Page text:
“Every time I’d start a course I would have to have a very personal discussion with the professor about things like male pronouns,” says Lucas Cheadle, a neuroscience postdoc at Harvard University in Cambridge, Massachusetts. Making the situation doubly difficult was that he transitioned while he was an undergrad­uate at Smith College — a women’s university in Northampton, Massachusetts. “I missed out on a lot of mentorship relations because of the difficulty of explaining,” he says.

Appropriately for a Nature News piece, the article also has some good international perspective. You should definitely go read the whole thing.

29 April, 2014

Queer in STEM mini-symposium Monday, 19 May at CalState Los Angeles

Thanks to a generous intramural grant from California State University Los Angeles, Jeremy will be traveling to LA in a few weeks so we can plan the next steps of the Queer in STEM study in person. And, while we're all in one place, we'd love to meet with local friends of the project. So:

You are invited to a discussion about issues of workplace and educational climate for LGBTQ individuals in Science, Technology, Engineering, and Mathematics to be held on the Cal State L.A. Campus on May 19, 2014. We will meet for lunch from 12:00 p.m. to 2:00 p.m. in the Alhambra Room (305) of the CSULA Student Union to engage in a critical conversation about the state of research on these topics in STEM fields, and to brainstorm ways to move efforts forward to make campus spaces and workplaces more inclusive.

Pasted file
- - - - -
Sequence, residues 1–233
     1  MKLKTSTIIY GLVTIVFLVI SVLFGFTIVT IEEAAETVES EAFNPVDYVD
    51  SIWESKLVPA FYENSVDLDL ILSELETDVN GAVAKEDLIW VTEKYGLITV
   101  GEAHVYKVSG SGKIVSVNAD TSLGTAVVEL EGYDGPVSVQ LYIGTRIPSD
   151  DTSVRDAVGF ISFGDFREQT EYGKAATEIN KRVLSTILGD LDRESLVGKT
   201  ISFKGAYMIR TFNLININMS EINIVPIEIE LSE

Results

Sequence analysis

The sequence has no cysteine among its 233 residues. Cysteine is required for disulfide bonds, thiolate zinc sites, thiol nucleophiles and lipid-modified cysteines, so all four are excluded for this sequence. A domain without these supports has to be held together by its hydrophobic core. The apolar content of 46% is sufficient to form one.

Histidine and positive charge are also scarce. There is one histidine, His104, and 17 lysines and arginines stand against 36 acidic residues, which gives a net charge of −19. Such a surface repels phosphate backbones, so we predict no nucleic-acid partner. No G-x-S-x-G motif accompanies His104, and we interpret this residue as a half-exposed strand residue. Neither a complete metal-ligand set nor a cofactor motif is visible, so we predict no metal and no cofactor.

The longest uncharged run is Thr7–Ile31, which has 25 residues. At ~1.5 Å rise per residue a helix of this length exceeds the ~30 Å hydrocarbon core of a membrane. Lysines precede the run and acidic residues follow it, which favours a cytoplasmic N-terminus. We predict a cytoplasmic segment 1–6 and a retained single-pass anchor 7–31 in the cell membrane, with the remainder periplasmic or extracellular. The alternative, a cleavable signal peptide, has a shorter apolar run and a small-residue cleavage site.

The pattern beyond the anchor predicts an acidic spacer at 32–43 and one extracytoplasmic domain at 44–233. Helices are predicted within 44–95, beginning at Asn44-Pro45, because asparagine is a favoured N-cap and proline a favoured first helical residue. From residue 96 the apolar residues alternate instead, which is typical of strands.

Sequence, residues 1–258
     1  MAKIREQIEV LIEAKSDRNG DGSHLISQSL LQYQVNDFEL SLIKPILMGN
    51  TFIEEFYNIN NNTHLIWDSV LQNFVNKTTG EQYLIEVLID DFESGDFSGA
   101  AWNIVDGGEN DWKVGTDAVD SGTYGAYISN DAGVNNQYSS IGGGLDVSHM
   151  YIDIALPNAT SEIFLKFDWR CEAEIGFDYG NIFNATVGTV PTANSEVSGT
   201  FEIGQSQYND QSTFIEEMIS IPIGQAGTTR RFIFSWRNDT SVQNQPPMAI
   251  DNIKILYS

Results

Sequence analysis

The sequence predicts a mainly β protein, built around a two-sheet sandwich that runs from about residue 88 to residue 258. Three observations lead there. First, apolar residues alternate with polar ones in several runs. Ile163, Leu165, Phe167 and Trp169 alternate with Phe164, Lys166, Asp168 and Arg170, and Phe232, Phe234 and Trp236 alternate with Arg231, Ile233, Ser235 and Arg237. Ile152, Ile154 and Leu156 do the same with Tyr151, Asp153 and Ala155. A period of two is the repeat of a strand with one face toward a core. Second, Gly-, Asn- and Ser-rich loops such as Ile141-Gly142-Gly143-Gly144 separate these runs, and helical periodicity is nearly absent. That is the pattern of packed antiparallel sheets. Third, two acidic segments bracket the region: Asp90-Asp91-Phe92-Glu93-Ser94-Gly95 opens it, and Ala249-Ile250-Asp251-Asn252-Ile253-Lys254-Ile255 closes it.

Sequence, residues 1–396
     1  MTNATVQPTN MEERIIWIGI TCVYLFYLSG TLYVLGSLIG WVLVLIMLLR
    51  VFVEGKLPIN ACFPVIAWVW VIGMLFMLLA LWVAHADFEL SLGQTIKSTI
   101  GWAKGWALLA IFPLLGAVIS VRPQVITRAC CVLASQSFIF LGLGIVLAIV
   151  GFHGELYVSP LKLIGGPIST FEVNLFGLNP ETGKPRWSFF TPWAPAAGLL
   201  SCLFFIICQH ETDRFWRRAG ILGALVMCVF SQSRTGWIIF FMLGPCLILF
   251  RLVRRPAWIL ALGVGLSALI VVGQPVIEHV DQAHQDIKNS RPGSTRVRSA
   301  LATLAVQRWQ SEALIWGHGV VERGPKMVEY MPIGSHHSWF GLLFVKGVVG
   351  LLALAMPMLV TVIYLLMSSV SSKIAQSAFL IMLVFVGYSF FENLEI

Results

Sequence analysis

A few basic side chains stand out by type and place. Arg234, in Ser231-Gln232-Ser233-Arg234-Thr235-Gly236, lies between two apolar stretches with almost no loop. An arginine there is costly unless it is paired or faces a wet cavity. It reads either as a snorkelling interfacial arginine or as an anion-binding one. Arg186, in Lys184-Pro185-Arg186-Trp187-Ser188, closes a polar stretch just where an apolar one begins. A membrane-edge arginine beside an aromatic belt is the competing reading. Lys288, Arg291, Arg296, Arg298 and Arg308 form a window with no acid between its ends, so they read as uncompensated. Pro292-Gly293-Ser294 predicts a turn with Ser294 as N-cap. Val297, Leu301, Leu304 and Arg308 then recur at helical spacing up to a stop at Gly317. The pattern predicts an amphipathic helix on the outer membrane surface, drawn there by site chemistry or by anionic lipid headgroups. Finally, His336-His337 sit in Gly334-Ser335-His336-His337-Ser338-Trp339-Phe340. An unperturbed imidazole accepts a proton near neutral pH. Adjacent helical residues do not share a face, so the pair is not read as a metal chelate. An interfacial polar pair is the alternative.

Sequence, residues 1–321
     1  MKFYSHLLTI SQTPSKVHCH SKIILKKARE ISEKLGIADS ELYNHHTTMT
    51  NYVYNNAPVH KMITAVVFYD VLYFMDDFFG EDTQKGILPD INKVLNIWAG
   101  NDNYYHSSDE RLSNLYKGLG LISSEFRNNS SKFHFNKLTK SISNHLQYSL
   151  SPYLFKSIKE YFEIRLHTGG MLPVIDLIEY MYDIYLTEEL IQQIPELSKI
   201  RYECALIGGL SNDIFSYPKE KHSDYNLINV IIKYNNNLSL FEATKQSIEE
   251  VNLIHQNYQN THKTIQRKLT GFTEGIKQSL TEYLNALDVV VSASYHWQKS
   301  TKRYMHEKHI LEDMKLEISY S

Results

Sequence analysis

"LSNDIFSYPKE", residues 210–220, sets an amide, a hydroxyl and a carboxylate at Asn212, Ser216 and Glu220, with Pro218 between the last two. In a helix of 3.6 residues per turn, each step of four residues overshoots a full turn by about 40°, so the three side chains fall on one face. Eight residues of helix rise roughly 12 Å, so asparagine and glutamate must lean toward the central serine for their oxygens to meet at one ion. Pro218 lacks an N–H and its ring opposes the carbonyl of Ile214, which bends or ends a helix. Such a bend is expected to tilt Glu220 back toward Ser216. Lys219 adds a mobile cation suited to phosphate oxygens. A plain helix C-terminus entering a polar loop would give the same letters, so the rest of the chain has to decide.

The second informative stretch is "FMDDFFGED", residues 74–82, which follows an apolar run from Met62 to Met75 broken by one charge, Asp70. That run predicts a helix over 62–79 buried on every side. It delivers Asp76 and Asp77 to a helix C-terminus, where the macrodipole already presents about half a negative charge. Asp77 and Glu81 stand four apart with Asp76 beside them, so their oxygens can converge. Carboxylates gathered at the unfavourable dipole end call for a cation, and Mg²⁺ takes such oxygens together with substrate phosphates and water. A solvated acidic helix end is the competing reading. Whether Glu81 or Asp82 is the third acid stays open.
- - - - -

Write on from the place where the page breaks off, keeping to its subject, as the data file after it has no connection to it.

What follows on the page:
Following lunch, there will be a public research presentation open to students, faculty and staff, from 3:00-4:00 p.m., also in the Alhambra Room (here's the flyer for that presentation).

The long-term goal of this project is to work together to improve the experiences of students, faculty, staff, and industry professionals. This event is coordinated by Allison Mattheis (CSULA faculty in the Charter College of Education) and Jeremy Yoder (Postdoctoral Researcher in Plant Biology, University of Minnesota), collaborators on the Queer in STEM research project.

Lunch and parking will be paid for through a CSULA Office of Research Development faculty grant. If you can join us for lunch on May 19, please RSVP here.

If you are unable to join us but would like to be involved in future conversations please email Allison.

23 April, 2014

Two great stories about coming out in academic settings

We've recently seen a couple of lovely stories from researchers who chose to come out at their academic workplaces. The first is from Z.L. "Kai" Burington, an arthropod taxonomist, who describes her experience coming out as trans* on her personal blog:

When I made my gender identity public to the department in early March, my anxiety was decreasing. Graduate students and faculty, with few exceptions, had positive reactions. Many knew or knew of Joan Roughgarden, an evolutionary biologist who transitioned in the late nineties. Some had personal experiences with trans or other queer people. I found friendships had actually strengthened due to my trust.

And the second is from sociologist Shawn Trivette, who describes his reasoning for coming out to students in an interview at Conditionally Accepted:

While personal experience is never the final authority in a field like sociology, it can be a useful illustrative tool, especially in helping students to grasp the real-world experience of sometimes abstract concepts and trends. Since I further theme my Intro class around race, class, gender, and sexuality – and ask my students to articulate their own identities along these lines – it seemed only fair to share equally.

07 April, 2014

More on the importance of LGBTQ visibility

We've previously posted David K. Smith's discussion about the importance of LGBTQ visibility in STEM workplaces, particularly academia—he's recently expanded that discussion in a column for Chemistry World, and a Flagship Lecture at the University of Liverpool. And, fortunately, there's video of that lecture. Some preliminary results from Queer in STEM make an appearance—it's great to see folks making use of the data already: